William Scott 1913 - 1989

Provenance

The Artist

Galeria Lorenzelli, Bergamo
Private Collection, Italy

Exhibitions

Bergamo, Galeria Lorenzelli, W.Scott, February 1978

Milan, Lorenzelli Arte, William Scott, La Voce dei Colori, 17 March - 7 May 2005, cat no.19, illus colour (titled Composition, 1960)

Literature

ed. Sarah Whitfield, William Scott, Catalogue Raisonné of Oil Paintings 1960-1968, Volume 3, Thames and Hudson, London, 2013, cat no.461, illus colour p64

Description

The decade preceding the creation of Untitled, 1960, proved to be an interesting and important period in Scott’s artistic development. Commentators on his work have recognised two significant phases during the 1950s in which Scott developed a definite ‘abstract’ language. The first phase dates roughly from 1952-1954 and the origins of the second phase can be traced back to 1959, just two years before Scott painted this work.

Whilst Scott did not reject this ‘language’ in the interceding years, a wealth of influences and considerations came into play; ancient and primitive art, the artist’s contact with American Abstraction Expressionism on a trip to the United States in 1953 and subsequently a return to the European tradition of the still life, and a more representational style enriched by what he had seen. This meant that Scott’s paintings from 1954 to 1959 present a varied vocabulary of artistic concerns. One might surmise that the 1950s represent a period of exploration which begins to find a coherent voice in the early 1960s with works such as Untitled 1960.

Speaking in 1955, Scott outlined his artistic concerns as follows,

‘I longed for the freedom of the object, or perhaps it was now a desire to divide the spaces of my canvas as I felt, and not merely as I knew - the insistence of the object and their symbolic meaning, wherever I might place them within the picture plane, interfered with my new interest. My problem was to reduce the immediacy of the individual and to make a synthesis of ‘objects and space’ so that the new conception would be the expression of one thing and not any longer a collection of loosely related objects.

Sometimes the object disappears and takes on a new meaning. It is during this moment of transition that when I feel I realize most completely my intentions. Apart from the subject, which I can do nothing about, what interests me in the beginning of a picture is the division of spaces and forms; these must be made to move and be animated like living matter. I have a strong preference for primitive and elementary forms and I should like to combine a sensual eroticism with a starkness which will be instinctive and uncontrived.’ 1.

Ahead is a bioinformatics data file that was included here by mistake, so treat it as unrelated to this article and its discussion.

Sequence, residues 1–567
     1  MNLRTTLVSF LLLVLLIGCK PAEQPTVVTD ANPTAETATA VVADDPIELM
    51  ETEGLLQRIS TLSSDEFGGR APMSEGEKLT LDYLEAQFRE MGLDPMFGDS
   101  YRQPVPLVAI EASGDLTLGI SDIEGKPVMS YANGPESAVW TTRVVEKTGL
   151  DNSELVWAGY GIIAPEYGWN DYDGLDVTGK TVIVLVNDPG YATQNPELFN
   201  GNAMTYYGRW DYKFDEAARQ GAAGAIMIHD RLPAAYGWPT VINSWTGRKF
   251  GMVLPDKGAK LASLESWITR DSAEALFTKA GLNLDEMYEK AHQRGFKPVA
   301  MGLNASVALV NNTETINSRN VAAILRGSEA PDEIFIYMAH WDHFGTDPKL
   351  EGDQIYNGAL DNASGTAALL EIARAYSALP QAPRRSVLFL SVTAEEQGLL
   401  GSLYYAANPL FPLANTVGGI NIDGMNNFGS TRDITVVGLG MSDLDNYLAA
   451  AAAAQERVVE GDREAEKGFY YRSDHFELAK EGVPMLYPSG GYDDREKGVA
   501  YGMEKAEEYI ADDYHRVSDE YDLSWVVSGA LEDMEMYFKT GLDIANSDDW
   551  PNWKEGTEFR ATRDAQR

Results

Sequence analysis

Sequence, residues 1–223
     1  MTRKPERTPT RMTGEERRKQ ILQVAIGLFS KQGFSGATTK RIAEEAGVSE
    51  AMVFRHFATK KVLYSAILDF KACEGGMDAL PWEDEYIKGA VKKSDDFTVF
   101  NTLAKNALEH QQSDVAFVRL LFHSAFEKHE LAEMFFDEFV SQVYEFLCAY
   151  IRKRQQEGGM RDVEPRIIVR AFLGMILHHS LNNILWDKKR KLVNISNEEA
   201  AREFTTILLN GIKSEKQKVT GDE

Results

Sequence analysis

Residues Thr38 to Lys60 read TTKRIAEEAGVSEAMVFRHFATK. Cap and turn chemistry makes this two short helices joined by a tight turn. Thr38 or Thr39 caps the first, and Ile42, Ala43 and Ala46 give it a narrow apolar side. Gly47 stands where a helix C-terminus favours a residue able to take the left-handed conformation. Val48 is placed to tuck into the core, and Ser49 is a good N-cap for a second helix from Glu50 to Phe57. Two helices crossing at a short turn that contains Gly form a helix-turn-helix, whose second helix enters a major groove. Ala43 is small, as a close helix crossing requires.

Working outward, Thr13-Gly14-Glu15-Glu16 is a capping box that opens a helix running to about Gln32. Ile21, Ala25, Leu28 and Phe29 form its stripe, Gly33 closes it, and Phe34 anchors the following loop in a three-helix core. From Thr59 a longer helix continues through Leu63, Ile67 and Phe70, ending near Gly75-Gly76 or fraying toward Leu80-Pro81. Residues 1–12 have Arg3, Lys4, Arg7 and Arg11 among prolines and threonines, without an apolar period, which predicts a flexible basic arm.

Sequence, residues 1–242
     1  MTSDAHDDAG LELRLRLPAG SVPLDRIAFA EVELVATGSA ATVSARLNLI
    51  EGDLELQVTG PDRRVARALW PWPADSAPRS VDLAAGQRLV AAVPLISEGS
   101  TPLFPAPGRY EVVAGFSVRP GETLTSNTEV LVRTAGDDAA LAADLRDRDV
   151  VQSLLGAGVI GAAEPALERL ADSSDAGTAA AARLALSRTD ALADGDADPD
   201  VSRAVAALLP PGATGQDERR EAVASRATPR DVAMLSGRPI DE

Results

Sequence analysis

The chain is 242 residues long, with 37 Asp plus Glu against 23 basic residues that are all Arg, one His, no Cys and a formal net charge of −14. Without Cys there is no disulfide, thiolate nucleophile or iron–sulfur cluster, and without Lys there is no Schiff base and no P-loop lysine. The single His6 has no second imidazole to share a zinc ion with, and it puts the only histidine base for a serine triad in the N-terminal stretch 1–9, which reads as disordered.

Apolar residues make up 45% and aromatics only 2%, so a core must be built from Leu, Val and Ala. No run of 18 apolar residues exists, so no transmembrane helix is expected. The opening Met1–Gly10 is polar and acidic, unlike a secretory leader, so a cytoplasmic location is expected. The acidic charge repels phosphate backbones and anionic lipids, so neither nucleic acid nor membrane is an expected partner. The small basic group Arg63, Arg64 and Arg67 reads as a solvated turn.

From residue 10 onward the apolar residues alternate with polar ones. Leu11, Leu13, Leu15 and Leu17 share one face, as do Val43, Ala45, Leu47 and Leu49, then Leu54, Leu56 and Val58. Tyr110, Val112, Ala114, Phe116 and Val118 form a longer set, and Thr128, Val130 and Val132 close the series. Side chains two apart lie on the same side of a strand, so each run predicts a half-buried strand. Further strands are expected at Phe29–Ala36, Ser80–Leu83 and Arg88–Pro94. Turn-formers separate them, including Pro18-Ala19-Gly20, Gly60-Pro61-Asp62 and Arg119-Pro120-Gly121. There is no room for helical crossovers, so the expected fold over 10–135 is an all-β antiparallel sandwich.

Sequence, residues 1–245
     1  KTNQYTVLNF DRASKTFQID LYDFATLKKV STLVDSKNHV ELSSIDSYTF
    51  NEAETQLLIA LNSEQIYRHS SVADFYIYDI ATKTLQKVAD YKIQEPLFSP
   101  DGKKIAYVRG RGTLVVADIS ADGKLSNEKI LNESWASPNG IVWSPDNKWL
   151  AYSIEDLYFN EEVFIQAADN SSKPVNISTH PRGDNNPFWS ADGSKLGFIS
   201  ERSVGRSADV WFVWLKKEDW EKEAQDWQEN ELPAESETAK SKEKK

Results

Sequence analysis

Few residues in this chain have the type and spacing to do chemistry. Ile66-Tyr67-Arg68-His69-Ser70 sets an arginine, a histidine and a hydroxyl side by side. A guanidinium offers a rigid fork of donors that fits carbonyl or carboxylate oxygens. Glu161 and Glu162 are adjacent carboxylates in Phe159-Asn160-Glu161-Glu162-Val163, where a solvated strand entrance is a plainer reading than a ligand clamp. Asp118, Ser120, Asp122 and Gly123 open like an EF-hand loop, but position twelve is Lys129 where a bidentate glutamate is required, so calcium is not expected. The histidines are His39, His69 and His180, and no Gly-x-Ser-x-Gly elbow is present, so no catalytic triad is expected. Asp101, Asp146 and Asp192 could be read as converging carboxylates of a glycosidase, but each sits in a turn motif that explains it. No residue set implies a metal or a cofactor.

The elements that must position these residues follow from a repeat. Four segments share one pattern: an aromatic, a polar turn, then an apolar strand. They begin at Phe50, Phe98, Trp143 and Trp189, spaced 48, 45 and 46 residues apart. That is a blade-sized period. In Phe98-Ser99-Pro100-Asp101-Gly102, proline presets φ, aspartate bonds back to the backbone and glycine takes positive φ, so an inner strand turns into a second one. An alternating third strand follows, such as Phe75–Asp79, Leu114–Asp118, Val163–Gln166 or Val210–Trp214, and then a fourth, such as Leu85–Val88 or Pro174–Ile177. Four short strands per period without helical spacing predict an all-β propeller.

By the early 1960s, the physicality of a picture becomes paramount in Scott’s work. One of the most significant formal developments during the 1950s and into the 1960s is the textured and varied treatment of the picture’s surface. As Scott explains,

‘The actual touch and the way I put paint on canvas matters very much, I am extremely interested in textural qualities - the thick paint, the thin paint, the scratched lines, the almost careful-careless way in which a picture’s painted…I don’t like a picture painted with a too slick, too efficient technique- painting with too much know how.’ 2.

As Scott’s pictorial language becomes simpler, formal considerations come to the fore. Surfaces tend to become more voluptuous, encapsulating the, ‘…sensual eroticism…’ that Scott desired. In Untitled, 1960, paint is applied in an encrusted impasto, which is particularly visible around the outline of the forms, imbuing them with an irregular and more organic quality ‘as if Scott had breathed into them…’ 3.

In Untitled, 1960, Scott plays artfully with scale. The original source for the painting would have been an arrangement of objects on a tabletop. This original source has become highly abstracted and the perspective has been tipped forward so that it becomes a flattened view. Forms appear to have been zoomed in on and the canvas feels as if it has been cropped at the edges. One can no longer read this composition literally, the darkest form which Scott allows to dominate, suggests that it might represent many things but confirms nothing. The overall effect of this ‘abstract’ language is that the work is read intuitively. One reacts to the painting’s formal values; the contrasting tonal areas, the irregular shapes and thickly applied paint as opposed to the picture’s subject.

The act of painting, and the painting itself, becomes a matter of feeling tempered by the artist’s desire for balance and harmony. ‘I find beauty in plainness, in a conception which is precise….A simple idea which to the observer in its intensity must inevitably shock and leave a concrete image in the mind.’ 4. Untitled communicates Scott's dialect of austerity and sensuality.

1. The New Decade Exhibition, edited by A.C. Ritchie, Museum of Modern Art, 1955, repro. Alan Bowness, William Scott: Paintings, Lund Humphries and Co, London, 1964, p20

2. Alan Bowness, William Scott: Paintings, Lund Humphries and Co, London, 1964, p11

3. Ronald Alley, William Scott, Methuen, London, 1963, unpaginated

4. Alan Bowness, William Scott: Paintings, Lund Humphries and Co, London, 1964, p11